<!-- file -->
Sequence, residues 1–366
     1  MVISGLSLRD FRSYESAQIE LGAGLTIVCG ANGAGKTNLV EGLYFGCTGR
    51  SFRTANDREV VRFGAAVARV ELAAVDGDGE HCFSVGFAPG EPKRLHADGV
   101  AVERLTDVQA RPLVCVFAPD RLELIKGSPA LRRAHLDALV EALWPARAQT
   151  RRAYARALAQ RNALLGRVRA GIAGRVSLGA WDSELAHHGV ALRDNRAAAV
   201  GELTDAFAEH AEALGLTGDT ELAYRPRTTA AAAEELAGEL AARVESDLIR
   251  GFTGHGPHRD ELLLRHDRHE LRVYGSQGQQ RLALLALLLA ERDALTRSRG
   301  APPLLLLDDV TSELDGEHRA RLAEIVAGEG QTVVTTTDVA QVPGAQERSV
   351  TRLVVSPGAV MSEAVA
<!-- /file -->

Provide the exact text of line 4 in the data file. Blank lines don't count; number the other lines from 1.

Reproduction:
   101  AVERLTDVQA RPLVCVFAPD RLELIKGSPA LRRAHLDALV EALWPARAQT